Thu, Jul 20, 2006 - Page 3 News List

DPP denies trying to lead state

ONE-PARTY STATE?Certain members of the DPP claimed that a `collective discussion mechanism' proposed by Tuan Yi-kang could lead to a return to KMT-style governance

By Jewel Huang and Jimmy Chuang  /  STAFF REPORTERS

The Democratic Progressive Party's (DPP) legislative caucus said yesterday that it objected to DPP Chairman Yu Shyi-kun's proposal to create a facilitation platform to coordinate opinions between the party and the government, and warned that it would cause "disaster" if the DPP dissolved its factions.

DPP legislative caucus whip Ker Chien-ming (柯建銘) said that it was former chief convener of the DPP's New Tide faction Tuan Yi-kang (段宜康) who had suggested creating a "collective discussion mechanism." He said that he thought the proposal was not mature yet and that it was actually still under discussion.

"The plan is unlikely to be implemented and I do not think the DPP's national convention will pass it," Ker said.

In a response to a call made by certain pan-green academics for the president to step down, the DPP is planning to turn its weekly Central Standing Committee meeting into a communication channel for officials from the Presidential Office, Executive Yuan, Legislative Yuan and the DPP, and also a platform for policy or personnel changes initiated by the Executive Yuan.

Old habits

Ker said application of the "collective leadership" model, particularly as it applies to the central government's personnel arrangements, would make people feel that the DPP had gone back to its old habit of letting "the party lead the government." Ker said this method of government was typical of the Chinese Nationalist Party (KMT) when it was in power, and added that the right to appoint governmental officials should belong to the president and premier. It was inappropriate for the party or caucus to become involved in such matters, he said.

Tuan confirmed yesterday afternoon during a news conference that the idea for a "collective discussion mechanism" came from the New Tide Faction, and said the proposal was designed to place limits on the president's authority in light of his flagging popularity.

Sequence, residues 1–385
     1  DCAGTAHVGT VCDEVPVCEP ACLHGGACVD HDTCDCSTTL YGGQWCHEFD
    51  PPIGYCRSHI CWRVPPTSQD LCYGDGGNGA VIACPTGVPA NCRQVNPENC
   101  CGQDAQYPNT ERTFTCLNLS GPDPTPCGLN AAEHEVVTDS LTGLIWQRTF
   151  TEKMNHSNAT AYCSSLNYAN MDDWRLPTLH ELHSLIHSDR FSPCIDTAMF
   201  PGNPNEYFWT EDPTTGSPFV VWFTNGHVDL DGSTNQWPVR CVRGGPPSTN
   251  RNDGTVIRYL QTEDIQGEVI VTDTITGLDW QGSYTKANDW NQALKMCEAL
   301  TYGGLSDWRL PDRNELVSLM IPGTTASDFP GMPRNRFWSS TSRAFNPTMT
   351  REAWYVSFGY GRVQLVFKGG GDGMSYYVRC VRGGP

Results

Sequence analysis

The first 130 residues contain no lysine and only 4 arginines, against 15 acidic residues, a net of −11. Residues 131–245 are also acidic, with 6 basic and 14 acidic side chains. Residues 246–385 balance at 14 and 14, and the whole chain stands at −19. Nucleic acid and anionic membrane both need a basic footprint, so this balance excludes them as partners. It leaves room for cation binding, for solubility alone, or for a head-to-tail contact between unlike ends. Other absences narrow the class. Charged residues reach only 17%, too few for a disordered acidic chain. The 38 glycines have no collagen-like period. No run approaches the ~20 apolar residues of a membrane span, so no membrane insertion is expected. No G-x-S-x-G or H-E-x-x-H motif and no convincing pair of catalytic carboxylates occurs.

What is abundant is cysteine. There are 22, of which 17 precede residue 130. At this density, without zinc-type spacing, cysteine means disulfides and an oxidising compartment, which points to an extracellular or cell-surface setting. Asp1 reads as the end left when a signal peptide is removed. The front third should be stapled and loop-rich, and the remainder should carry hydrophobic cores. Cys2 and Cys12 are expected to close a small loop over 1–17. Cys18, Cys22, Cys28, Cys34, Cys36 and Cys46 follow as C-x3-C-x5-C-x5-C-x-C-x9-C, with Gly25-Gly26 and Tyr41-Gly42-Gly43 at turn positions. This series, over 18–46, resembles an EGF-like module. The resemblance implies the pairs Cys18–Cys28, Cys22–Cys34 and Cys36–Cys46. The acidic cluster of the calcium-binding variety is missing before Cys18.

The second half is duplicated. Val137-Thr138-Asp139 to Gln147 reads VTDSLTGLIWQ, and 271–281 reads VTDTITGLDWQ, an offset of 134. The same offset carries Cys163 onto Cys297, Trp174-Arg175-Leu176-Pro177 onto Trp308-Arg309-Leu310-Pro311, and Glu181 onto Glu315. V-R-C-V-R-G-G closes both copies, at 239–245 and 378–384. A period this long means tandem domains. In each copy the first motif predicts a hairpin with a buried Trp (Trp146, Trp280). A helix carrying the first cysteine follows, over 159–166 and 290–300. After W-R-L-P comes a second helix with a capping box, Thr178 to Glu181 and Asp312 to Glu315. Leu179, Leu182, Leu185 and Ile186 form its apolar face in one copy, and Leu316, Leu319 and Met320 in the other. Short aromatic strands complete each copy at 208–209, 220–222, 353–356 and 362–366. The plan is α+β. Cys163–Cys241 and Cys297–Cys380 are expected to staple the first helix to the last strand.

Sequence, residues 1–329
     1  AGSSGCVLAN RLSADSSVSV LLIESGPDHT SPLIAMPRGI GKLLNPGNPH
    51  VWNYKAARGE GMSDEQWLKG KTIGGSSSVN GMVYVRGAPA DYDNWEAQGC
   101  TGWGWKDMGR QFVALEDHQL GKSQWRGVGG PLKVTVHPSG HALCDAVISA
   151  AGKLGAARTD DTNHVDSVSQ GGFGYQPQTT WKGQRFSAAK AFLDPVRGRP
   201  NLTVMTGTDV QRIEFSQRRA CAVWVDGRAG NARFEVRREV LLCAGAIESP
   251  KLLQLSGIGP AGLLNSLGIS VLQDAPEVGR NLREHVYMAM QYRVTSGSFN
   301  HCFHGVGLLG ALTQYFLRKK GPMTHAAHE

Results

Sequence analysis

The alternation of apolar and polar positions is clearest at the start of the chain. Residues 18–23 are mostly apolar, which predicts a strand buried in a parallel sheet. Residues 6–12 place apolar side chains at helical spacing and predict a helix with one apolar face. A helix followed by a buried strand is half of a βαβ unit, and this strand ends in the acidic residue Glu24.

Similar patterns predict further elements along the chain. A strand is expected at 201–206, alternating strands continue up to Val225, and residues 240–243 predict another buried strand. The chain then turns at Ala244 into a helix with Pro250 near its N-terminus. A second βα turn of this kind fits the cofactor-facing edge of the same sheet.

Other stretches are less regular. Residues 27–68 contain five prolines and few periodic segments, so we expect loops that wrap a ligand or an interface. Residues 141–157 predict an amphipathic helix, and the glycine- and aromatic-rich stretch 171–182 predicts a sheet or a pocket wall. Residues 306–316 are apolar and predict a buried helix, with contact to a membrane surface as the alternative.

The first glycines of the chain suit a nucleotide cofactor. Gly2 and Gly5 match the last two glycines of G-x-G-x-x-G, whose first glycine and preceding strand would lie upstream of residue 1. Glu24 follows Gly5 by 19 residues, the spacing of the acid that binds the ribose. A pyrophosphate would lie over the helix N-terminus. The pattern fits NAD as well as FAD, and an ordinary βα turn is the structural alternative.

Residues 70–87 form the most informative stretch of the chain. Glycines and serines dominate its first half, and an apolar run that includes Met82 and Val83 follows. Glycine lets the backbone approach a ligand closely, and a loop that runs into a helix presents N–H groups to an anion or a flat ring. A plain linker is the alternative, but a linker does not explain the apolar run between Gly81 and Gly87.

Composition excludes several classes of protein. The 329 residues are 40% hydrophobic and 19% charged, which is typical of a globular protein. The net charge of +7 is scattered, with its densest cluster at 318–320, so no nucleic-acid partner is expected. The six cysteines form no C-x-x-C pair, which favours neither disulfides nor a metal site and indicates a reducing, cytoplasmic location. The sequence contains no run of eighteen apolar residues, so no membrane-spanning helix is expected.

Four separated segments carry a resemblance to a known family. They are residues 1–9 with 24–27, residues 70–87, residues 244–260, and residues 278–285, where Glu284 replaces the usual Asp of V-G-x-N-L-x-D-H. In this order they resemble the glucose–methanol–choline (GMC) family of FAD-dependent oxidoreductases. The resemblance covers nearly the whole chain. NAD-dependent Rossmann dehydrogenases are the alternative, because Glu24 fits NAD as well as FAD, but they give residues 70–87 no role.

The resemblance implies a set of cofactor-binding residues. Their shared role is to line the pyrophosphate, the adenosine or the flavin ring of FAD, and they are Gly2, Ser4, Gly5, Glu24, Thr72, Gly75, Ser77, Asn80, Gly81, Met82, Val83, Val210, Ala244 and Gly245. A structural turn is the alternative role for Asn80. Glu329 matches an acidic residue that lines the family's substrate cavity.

"We hope the Central Standing Committee meeting can become a buffer that limits President Chen Shui-bian's (陳水扁) power," Tuan said.

In reaction to Ker and Tuan's remarks, DPP spokesman Tsai Huang-liang (蔡煌瑯) said yesterday that some people might misunderstand the idea behind a "collective discussion mechanism."

He said that it was intended to allow the party and the government to "discuss policy-making jointly and cooperate with each other."

Tsai said that the mechanism would not justify accusations that the party was seeking to "lead the government," and that the DPP remained opposed to having personnel decisions make in the party's Central Standing Committee.

Joint responsibility

Tsai said the "collective discussion mechanism" was proposed to enable the party and the government to take joint responsibility for decisions made, and that the party had no intention of usurping the government's authority.

Meanwhile, Ker yesterday also warned that it would cause "disaster" if the DPP insisted on dissolving the party's factions. He urged Yu to think twice about the proposal to this end that is on agenda of the party's national convention to be held this weekend.

Meanwhile, regarding a possible tip in the balance of power toward the DPP that might arise from introducing the "collective discussion mechanism," the Cabinet yesterday said that it was impossible for the government to entertain an unconstitutional proposal.

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